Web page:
Remembered more now for featuring one of Peter Seller’s first major film roles than it’s beginnings as a follow up to 1956’s Private’s Progress, I’m All Right Jack took several of the same cast and characters and planted them into a new situation.
Ian Carmichael, who shall always be the voice of Ratty in The Wind in the Willows to me, plays the bumbling Stanley Windrush. A upper-class bbuffoon who struggles to find a “real job” post army that he’s actually any good at. Spurred on by his conniving uncle Bertram (Dennis Price) and Sidney De Vere Cox (a boo-hissable Richard Attenborough) Stanley takes on a job as a labourer down at his uncles’ missile factory. There he meets with his old Major from the army Hitchcock (Terry-Thomas, playing Terry Thomas), who oversees the place and Fred Kite (Peter Sellers) who heads up the labourers union.
Directed and produced by the Boulting Brothers, John and Roy, I’m All Right Jack came during a period where the duo where focusing on satires about a variety of subjects. In this case the industrial work force of 1950’s Britain. The high class bosses bring in time managers to see if machines can do the job of ten men faster, the working class labourers view all higher ups and new comers with suspicion that their jobs are in danger. Windrush perfectly sums up the gentle radicalising of the elites as he meekly wishes to enter a good “honest job” but lacks the skills or fortitude to do, think of it as an early run of Pulp’s ‘Common People’. Margaret Rutherford turns up to do what she did best as Windrush’s Aunt Dolly, dis-paring of her nephew’s quest for lower standing.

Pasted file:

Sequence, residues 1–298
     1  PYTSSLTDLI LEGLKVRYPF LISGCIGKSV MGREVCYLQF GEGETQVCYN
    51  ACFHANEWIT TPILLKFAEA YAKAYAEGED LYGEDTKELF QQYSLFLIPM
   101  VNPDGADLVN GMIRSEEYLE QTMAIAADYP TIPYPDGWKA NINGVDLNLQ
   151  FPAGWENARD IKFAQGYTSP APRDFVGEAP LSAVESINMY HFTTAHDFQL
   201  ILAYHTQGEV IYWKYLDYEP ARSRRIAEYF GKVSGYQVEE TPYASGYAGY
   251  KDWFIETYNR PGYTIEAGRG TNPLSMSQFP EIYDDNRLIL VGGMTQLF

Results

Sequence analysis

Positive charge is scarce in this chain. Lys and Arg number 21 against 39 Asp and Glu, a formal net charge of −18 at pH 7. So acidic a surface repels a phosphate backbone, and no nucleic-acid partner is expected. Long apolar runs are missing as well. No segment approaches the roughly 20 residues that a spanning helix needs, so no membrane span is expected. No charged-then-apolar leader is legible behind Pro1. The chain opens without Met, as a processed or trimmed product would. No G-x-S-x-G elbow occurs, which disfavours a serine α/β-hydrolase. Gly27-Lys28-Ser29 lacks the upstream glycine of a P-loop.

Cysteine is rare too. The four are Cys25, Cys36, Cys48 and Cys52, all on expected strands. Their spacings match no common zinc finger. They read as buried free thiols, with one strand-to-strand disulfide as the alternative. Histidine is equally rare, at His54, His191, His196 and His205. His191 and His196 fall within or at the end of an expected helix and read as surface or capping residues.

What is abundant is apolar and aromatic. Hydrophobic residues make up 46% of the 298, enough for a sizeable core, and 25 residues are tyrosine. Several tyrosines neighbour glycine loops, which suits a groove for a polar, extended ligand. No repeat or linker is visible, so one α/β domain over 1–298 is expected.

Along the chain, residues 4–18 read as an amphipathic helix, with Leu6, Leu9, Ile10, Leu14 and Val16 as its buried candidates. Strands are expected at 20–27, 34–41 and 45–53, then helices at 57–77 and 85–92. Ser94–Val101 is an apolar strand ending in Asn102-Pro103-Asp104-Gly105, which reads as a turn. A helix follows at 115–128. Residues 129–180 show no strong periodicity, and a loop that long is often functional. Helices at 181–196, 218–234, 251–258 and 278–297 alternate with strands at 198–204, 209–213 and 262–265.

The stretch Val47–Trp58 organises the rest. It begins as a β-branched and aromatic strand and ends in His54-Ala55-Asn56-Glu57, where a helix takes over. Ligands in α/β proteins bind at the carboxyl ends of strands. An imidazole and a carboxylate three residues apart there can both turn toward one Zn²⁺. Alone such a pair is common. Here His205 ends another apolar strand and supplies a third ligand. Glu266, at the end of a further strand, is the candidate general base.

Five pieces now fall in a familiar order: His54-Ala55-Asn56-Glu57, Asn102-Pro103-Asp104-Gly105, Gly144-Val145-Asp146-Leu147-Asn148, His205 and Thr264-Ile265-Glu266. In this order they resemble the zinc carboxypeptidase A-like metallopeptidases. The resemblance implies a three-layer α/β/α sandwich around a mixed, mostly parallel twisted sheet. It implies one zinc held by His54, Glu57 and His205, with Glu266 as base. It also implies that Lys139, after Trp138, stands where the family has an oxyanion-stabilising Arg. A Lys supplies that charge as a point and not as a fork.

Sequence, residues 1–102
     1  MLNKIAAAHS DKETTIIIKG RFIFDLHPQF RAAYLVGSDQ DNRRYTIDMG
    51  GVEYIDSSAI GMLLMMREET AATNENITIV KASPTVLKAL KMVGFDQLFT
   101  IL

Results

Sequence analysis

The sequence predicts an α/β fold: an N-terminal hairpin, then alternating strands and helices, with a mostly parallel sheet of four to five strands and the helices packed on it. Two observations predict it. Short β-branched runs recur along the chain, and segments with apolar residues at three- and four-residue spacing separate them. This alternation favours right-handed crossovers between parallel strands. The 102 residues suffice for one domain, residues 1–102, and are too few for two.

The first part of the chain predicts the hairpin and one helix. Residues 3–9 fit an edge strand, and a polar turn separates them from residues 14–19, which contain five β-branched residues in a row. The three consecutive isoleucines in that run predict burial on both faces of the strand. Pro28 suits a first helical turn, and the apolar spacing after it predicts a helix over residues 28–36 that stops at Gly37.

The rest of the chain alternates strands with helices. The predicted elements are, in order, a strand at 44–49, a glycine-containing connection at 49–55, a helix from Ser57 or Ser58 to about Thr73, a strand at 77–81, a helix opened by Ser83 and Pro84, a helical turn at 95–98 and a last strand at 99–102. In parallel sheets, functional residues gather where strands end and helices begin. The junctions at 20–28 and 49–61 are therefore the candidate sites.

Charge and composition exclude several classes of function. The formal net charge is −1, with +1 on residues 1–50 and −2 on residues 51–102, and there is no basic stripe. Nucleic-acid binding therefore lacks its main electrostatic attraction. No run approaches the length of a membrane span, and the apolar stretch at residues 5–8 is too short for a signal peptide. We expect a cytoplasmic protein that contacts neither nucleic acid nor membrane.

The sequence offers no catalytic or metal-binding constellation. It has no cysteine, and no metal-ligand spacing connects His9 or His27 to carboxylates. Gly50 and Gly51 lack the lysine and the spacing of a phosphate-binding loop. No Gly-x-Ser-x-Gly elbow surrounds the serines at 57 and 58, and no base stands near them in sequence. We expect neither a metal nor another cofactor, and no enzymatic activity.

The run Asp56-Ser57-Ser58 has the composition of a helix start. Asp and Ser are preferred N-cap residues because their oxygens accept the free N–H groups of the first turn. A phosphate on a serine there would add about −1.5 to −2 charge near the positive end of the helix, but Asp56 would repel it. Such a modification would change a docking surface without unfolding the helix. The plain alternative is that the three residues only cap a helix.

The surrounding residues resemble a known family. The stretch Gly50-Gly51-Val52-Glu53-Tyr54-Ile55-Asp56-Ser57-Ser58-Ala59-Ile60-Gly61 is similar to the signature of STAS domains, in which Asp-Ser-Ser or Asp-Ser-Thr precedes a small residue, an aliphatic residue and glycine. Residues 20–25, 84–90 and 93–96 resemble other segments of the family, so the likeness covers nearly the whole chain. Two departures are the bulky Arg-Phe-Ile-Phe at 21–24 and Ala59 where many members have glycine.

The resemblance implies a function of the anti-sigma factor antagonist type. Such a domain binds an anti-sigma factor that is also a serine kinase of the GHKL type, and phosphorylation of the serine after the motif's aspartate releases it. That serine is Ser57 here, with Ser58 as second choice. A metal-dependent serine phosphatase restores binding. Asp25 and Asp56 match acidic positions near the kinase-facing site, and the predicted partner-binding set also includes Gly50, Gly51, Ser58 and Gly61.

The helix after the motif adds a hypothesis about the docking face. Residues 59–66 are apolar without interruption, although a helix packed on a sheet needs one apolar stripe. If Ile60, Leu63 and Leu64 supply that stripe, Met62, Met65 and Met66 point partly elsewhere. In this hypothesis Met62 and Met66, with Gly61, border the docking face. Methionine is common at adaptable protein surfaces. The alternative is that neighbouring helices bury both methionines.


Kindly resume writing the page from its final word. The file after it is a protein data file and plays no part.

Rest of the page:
It can be no simple coincidence that Peter Sellers decided to give Kite a somewhat Hitler-esque moustache. He is one of the most believable caricatures that has ever graced the screen. Inflated by his own importance within the union, he’s an non-too-subtle swipe at the leftist leaning workforce coming to prominence in post-war Britain.
Re-released in a pristine Blu-Ray version I’m All Right Jack may have lost some of it’s edge over the years. Down more to the fact that we’re surrounding by a sarcastic view point from all forms of media these days, it’s a diluting of the culture rather than the film that is to blame. It still stands up well on it’s mature comedy feet. Terry Thomas is on hand to describe someone as a “shower, an absolute shower”. John Le Mesurier is there being his effervescently charming self whilst mixing in some hand-ringing anxiety. Everyone seems to be having fun, Sellers though does stand above the pack. His Mr. Kite feels like one of his more-understated performances as though he is playing a real-life fuss pot who is trying to act in a comedy film. It’s a fine turn and one that is perhaps the main reason the film is remembered so well today.
I’m All Right Jack is out now on re-stored Blu-Ray and DVD via Studio Canal now.